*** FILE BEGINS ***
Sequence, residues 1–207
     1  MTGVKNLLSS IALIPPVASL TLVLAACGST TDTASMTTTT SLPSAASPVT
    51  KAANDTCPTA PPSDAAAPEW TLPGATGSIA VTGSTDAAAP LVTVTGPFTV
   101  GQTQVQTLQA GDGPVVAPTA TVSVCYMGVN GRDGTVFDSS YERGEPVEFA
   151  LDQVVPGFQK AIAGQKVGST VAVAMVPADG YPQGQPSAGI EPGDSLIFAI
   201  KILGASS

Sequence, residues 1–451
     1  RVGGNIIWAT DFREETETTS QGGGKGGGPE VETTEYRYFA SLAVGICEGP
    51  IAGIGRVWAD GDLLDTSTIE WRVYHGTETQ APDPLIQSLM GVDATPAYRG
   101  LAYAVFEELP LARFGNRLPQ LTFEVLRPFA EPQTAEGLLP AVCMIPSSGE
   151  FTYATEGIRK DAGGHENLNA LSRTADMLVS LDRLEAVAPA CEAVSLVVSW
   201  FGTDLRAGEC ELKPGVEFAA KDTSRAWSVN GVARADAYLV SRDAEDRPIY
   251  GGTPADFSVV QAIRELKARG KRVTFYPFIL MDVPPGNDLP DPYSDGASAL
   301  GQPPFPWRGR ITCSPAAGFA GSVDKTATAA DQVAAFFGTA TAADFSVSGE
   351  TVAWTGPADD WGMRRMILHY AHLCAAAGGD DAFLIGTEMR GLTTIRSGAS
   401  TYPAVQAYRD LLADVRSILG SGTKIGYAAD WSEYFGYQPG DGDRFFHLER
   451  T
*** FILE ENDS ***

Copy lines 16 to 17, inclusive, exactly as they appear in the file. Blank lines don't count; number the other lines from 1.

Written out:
   401  TYPAVQAYRD LLADVRSILG SGTKIGYAAD WSEYFGYQPG DGDRFFHLER
   451  T